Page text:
To read more click here.

Read FBI affidavit

Feds Charge Hawaiian Man With Lying About Trying to Join Taliban

By Allan Lengel
ticklethewire.com

The feds have arrested a Hawaiian man who traveled to Pakistan, hoping to join the Taliban or a similar group, the Associated Press reported.

Abdel Hameed Shehadeh, 21, a U.S. citizen, who was arrested Friday in Honolulu, was charged with making false statements relating to international terrorism, AP reported. The criminal complaint was unsealed Monday in New York.

Authorities say Shehadeh was living on Staten Island in New York in early 2008 when he made a plan to join the Taliban or a similar group in Pakistan.

Shehadeh actually flew from John F. Kennedy International Airport to Islamabad, Pakistan, on June 13, 2008, but was denied entry an returned to the U.S., AP reported. He originally told  FBI agents and New York police detectives that he traveled to Pakistan to visit an Islamic university and attend a friend’s wedding, but later confessed to his true purpose.

He also allegedly tried to recruit others, authorities allege, according to AP.

Leader of Pakistan Taliban Charged in Death of 7 CIA Employees in Afghanistan

afghanistan mapBy Allan Lengel
ticklethewire.com

WASHINGTON — U.S. officials launched a multi-prong attack against the Pakistan Taliban, placing the group on the international terrorism black list while indicting its leader in the death of seven CIA employees last year on a U.S. military base in Afghanistan.

The State Department also announced that it was offering a $5 million reward each for information leading to the capture of two top leaders.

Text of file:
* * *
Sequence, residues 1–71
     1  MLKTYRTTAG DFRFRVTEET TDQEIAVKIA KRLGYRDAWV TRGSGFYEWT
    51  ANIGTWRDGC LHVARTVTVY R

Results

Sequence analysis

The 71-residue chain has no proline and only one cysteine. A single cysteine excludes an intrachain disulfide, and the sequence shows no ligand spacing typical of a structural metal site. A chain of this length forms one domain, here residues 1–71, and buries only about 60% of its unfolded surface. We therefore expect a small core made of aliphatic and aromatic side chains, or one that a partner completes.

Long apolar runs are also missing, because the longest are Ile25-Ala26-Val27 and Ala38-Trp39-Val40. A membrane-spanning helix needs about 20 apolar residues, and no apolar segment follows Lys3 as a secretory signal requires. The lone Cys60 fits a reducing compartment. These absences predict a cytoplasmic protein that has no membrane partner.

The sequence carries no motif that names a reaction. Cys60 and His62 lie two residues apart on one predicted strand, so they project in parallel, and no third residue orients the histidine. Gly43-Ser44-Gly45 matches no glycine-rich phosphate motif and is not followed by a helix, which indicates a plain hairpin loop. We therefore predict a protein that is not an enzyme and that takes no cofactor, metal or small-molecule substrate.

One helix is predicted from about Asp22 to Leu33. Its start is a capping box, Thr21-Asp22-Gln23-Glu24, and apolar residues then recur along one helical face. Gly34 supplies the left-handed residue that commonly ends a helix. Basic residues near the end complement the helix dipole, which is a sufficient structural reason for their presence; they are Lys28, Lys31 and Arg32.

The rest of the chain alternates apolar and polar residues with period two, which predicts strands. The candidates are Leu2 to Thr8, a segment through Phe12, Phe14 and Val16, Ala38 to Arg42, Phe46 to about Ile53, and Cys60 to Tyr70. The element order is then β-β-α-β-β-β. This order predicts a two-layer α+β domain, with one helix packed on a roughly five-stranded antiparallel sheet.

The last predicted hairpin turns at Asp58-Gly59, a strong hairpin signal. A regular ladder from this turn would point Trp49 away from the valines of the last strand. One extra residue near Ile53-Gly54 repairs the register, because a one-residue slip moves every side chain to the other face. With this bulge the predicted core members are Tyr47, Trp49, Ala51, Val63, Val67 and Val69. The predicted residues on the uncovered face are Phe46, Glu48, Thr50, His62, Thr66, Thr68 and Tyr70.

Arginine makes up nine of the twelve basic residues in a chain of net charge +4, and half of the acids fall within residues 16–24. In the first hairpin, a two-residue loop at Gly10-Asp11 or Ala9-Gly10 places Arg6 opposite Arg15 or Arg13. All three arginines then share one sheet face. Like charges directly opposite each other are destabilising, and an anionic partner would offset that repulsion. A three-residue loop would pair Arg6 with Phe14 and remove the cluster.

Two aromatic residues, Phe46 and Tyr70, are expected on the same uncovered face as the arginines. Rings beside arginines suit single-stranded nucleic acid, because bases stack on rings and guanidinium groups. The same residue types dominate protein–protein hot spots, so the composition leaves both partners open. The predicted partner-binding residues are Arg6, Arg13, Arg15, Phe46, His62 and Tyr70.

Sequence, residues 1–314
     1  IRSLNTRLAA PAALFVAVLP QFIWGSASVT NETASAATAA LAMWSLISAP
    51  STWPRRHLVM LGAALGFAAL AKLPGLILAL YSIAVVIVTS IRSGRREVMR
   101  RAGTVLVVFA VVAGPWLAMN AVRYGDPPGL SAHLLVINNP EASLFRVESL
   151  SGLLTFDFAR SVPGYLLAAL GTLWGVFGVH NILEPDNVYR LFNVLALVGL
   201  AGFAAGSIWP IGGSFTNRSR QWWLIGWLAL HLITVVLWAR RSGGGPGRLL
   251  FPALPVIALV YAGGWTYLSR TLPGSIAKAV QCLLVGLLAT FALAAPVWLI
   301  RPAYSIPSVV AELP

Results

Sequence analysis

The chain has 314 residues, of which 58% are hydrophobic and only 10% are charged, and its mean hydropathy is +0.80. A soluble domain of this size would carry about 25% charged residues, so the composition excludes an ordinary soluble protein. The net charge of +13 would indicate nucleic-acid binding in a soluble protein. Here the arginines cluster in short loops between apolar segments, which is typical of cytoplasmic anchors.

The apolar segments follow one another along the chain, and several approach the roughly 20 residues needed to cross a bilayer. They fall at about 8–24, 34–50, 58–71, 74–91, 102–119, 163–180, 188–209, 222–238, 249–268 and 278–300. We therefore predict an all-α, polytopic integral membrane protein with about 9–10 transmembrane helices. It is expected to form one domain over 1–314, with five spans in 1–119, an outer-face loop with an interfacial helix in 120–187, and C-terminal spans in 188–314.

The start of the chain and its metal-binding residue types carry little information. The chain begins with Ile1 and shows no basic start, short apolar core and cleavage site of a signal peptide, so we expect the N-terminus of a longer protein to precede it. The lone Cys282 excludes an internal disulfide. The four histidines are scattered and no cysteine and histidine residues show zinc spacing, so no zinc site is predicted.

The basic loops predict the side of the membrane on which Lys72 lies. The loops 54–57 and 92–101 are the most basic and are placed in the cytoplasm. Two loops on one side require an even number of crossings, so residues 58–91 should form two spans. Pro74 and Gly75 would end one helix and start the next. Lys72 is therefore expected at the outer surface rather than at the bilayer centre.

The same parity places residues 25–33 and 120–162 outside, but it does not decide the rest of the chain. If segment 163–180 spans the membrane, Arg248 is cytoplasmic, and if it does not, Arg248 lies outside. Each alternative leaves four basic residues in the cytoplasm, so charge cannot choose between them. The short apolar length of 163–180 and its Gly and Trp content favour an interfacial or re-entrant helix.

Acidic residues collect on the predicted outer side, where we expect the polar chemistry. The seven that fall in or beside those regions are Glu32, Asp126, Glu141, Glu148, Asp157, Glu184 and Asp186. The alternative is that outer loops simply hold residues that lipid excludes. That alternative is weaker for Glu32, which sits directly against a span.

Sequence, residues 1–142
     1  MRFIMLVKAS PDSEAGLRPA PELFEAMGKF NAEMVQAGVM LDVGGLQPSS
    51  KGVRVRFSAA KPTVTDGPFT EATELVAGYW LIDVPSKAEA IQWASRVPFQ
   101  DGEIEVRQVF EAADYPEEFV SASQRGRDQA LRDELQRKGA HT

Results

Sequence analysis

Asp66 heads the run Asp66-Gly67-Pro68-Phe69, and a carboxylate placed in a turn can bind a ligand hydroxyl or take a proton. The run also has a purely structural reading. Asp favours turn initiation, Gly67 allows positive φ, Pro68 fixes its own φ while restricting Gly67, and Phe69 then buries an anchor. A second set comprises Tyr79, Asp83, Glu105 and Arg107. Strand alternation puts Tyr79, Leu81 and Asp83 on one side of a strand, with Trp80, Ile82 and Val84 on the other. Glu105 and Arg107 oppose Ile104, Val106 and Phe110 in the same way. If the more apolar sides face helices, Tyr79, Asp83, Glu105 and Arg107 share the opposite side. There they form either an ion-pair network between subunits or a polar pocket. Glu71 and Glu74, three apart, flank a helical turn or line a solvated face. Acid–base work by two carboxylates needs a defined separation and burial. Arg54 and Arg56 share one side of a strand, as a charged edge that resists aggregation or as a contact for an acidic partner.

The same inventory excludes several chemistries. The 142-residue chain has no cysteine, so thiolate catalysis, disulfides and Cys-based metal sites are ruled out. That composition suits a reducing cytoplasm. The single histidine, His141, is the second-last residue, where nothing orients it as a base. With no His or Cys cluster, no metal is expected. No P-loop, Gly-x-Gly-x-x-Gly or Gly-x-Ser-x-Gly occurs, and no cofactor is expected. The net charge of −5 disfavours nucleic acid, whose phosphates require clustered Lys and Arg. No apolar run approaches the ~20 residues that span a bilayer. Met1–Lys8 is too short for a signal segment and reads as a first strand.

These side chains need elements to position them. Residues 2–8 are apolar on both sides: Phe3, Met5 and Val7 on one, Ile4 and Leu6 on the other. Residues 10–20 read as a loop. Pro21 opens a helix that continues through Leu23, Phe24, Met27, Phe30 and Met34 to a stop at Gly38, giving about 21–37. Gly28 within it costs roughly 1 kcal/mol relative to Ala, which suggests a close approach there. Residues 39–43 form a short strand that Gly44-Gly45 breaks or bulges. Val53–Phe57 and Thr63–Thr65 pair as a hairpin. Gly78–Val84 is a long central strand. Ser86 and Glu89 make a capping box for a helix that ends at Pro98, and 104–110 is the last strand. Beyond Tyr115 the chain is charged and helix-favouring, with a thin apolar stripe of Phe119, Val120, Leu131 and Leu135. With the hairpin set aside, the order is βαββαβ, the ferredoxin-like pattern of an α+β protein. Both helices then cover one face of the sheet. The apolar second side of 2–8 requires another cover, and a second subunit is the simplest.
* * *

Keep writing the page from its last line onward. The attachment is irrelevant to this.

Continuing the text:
One of those leaders,  Hakimullah Mehsud, the self-proclaimed emir of the Pakistani Taliban, was charged in a criminal complaint announced Wednesday  in Washington in connection with the Dec. 30, 2009 suicide bombing that killed the seven CIA employees.

Read more »

5 Northern Virginia Men Convicted of Terrorism in Pakistan

pakistan-map
By Allan Lengel
ticklethewire.com

Five  Northern Virginia men who vanished, only to appear in Pakistan, were sentenced to 10 years in prison after being convicted of terrorism charges Thursday by a Pakistani court, the Washington Post reported.

Pakistani authorities introduced evidence including emails, which it said showed the young men planned to carry out terrorist attacks in Pakistan, the Post reported.

The attorneys for the men questioned the verdict and the legitimacy of the emails. The Post reported that the families back home were devastated by the verdicts.

To Read more click here.

U.S. Pressuring Pakistan For More Info About Its Airline Travelers

pakistan-mapBy Allan Lengel
ticklethewire.com

WASHINGTON — One month after authorities captured the N.Y. car bomber — who talked of links to Pakistan — the U.S. is pressuring that nation to share more info about the travel history of its airline passengers, the New York Times is reporting.

Up until now, Pakistan has been resistant to give more information about travelers, citing an intrusion of privacy, the Times reported.